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To better understand this concept, think of what you normally do to manage your time. Planning your tasks within blocks of time during the day does not work. Your focus is on clock time which is irrelevant. Chances are you won’t get much work done because you’re limiting yourself to a timeframe.

Instead of putting a time schedule on the things you need to get done, focus on the real time productive thoughts, conversations and actions that will produce the most results. For example, your thoughts are the tasks you need to get done, the conversations are the plans you create to accomplish them and the action is what you do to get them completed. There is no timeframe to concern yourself with because you are working in real time.

Here are some techniques you can follow to help you master your own time:

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  1. Carry a note book and write down your thoughts, conversations and activities for a week. This will give you an idea of how much you can accomplish during the day and where you time is being spent.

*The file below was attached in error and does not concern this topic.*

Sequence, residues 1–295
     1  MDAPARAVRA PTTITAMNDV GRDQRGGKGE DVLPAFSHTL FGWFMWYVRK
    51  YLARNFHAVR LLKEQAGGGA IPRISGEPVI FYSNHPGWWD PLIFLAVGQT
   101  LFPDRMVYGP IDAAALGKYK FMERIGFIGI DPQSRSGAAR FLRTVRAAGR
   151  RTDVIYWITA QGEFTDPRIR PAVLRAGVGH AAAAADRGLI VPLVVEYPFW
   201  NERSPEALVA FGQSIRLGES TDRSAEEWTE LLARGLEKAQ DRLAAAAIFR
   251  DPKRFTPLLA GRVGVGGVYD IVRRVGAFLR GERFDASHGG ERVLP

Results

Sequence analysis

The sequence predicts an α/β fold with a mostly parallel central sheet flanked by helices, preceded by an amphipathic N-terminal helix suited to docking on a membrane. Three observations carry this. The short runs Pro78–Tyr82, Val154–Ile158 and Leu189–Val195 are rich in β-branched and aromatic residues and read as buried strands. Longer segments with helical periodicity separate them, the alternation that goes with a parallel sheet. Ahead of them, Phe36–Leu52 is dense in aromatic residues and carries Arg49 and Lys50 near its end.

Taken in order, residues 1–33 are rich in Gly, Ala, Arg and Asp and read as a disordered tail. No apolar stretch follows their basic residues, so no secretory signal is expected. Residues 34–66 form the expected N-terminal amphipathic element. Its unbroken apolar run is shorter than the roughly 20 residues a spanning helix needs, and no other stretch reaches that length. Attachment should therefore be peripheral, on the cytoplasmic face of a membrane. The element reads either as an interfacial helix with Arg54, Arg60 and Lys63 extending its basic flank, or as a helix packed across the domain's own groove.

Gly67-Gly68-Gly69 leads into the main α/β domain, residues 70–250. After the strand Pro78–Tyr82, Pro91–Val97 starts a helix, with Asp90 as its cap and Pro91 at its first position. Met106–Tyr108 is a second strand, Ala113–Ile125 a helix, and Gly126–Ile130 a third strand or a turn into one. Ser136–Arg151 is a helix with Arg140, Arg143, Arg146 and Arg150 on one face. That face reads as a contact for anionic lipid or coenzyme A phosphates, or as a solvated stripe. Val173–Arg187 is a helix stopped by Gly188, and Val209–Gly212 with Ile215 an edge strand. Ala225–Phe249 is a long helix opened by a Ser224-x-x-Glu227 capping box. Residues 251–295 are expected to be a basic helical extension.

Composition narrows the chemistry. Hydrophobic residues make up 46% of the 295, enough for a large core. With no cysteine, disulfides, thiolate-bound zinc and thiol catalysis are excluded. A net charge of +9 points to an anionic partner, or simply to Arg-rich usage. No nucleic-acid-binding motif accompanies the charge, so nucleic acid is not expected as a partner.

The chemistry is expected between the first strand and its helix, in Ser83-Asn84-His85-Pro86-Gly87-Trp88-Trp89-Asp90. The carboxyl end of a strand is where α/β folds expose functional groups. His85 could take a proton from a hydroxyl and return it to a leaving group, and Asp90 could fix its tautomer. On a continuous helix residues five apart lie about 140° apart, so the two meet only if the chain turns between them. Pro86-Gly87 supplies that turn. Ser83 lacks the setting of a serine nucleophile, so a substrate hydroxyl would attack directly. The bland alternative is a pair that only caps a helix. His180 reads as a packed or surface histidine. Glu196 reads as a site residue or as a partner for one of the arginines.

2. Every day spend 30 minutes to plan your day but don’t assign timeframes.
  3. Allow time for interruptions and plan time to be taken away from what you’re doing.
  4. Spend 50 percent of your time committed to the thoughts, conversations and activities that generate most of your results.
  5. Only assign a time to any conversation or activity that’s important to your success.
  6. Understand that it is impossible to get everything completed.
  7. The odds are good that 20 percent of your thoughts, conversations and activities produce 80 percent of your results.

Mastering your time is a worthwhile endeavor. By removing your thoughts from the limiting influence of timeframes you’re free to manage your time through creative thoughts, conversations and activities that produce measurable results. Everyone is different with their creativity so give it a try and see what your creative mind can come up with.

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Anthony Pica

Freelance Writer

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Last Updated on August 16, 2018

16 Productivity Secrets of Highly Successful People Revealed

16 Productivity Secrets of Highly Successful People Revealed

The same old motivational secrets don’t really motivate you after you’ve read them for the tenth time, do they?

How about a unique spin on things?